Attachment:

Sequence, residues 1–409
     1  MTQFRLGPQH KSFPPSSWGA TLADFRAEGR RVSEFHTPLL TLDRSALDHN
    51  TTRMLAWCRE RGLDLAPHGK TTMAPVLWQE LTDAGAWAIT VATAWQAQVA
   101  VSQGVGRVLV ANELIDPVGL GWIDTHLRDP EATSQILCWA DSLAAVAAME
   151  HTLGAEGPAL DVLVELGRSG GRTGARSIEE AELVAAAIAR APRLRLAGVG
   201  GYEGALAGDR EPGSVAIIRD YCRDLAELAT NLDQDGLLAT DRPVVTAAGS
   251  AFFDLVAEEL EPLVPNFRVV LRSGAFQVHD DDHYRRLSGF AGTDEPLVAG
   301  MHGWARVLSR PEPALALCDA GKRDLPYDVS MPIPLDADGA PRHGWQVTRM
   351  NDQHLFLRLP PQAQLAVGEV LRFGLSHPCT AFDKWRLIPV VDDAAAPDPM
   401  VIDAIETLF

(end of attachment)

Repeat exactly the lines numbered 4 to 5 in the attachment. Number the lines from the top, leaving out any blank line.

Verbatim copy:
   101  VSQGVGRVLV ANELIDPVGL GWIDTHLRDP EATSQILCWA DSLAAVAAME
   151  HTLGAEGPAL DVLVELGRSG GRTGARSIEE AELVAAAIAR APRLRLAGVG